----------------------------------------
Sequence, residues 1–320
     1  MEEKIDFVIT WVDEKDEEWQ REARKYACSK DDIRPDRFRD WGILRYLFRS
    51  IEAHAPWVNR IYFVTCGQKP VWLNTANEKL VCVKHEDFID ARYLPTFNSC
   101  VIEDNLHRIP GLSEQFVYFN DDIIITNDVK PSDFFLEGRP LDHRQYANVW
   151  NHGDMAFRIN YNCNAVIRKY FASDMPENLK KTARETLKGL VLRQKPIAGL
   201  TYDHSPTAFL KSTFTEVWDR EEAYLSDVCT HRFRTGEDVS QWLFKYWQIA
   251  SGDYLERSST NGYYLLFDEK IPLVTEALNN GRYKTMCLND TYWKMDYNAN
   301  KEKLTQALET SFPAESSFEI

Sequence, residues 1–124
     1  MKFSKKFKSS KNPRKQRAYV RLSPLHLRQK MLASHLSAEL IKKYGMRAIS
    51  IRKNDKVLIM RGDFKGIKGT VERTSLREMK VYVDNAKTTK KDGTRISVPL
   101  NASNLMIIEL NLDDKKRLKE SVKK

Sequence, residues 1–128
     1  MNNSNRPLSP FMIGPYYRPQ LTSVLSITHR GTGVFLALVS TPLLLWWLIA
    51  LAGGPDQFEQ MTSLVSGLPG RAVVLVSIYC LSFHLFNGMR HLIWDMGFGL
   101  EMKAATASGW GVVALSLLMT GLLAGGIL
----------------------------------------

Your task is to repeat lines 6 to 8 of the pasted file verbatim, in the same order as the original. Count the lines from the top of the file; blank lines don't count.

   201  TYDHSPTAFL KSTFTEVWDR EEAYLSDVCT HRFRTGEDVS QWLFKYWQIA
   251  SGDYLERSST NGYYLLFDEK IPLVTEALNN GRYKTMCLND TYWKMDYNAN
   301  KEKLTQALET SFPAESSFEI